Who Needs Netflix? Paramount Streams Latest 'Transformers' Directly to Consumers
Paramount Pictures has quietly introduced an online streaming option for "Transformers: Dark of the Moon," taking home viewing straight to consumers without the need for middlemen such as Netflix, Facebook, Blockbuster Movie Pass, Vudu, a cable company or a satellite provider.
Consumers can visit vod.transformersmovie.com to stream an HD version of the movie for $4.99 or an standard version for $3.99. Users have 48 hours to watch the movie from the time of signup.
The site says it is operated by Zukor, a unit of Paramount parent Viacom. Paramount publicized the site on Friday with an email blast to consumers from MTV Networks, another Viacom sibling.
The offer will last through the end of February, marking the first extended direct-to-consumer online streaming rental offered by Paramount, according to Amy Powell, exec VP-interactive marketing and film production. The studio warmed up for the effort by selling streams of the first two "Transformers" movies directly to consumers over two weeks in June.
"We're testing the waters and interested to see consumer feedback," said Ms. Powell. "It's just a little toe-dip to move in the direction we believe will be one of the future distribution means for content."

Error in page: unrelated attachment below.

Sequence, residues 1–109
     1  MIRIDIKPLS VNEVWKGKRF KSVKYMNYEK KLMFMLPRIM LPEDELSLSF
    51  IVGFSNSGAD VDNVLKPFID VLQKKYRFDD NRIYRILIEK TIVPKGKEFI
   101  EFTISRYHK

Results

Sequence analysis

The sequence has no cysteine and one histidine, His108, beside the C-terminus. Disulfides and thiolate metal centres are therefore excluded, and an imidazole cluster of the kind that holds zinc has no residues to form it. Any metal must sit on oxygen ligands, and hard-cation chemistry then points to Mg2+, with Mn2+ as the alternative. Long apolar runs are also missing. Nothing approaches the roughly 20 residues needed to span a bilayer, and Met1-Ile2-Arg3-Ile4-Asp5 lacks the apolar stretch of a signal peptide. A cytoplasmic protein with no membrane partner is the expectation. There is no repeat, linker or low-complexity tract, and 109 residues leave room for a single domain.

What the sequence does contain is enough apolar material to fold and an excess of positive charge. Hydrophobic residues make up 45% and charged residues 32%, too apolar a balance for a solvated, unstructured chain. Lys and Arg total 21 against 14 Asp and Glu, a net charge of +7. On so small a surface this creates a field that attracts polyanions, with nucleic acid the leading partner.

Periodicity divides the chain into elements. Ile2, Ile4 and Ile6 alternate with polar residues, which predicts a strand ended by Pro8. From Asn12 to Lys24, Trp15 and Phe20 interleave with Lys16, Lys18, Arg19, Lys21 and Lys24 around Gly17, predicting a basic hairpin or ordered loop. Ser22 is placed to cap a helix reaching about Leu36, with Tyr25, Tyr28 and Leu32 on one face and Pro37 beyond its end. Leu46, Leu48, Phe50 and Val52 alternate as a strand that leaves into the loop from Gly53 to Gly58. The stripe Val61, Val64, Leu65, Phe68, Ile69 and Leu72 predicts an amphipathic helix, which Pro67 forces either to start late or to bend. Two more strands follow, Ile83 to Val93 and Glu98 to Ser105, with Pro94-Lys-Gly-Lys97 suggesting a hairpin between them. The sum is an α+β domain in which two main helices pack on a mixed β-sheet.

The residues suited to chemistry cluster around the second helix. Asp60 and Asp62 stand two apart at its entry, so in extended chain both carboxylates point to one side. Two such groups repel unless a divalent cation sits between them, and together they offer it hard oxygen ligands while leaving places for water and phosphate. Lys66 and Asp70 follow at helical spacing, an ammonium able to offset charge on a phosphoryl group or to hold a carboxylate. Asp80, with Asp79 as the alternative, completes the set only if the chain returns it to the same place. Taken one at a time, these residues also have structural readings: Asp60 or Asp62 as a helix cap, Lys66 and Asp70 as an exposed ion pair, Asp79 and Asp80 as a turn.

Paramount previously made its "Jackass" movies available for rent on Facebook, a platform that continues to absorb more users and more time. So why go around the middlemen? "Paramount wants to offer as many choices as possible when it comes to consumers enjoying its content," Ms. Powell said.
Tony Wible, media and entertainment analyst at Janney Capital Markets, said the direct-to-consumer approach isn't likely to be a long-term solution for studios, given the head start for platforms like Netflix and Facebook. The more interesting frontier in video revolves around so-called UltraViolet video, which lets consumers access video content on any device or service platform, Mr. Wible said. Some retailers plan to sponsor DVD trade-in programs, in which DVDs will be converted to digital video available for streaming from the cloud for a nominal fee.
"I don't think it will save the DVD business," he said, "but it should slow that decline."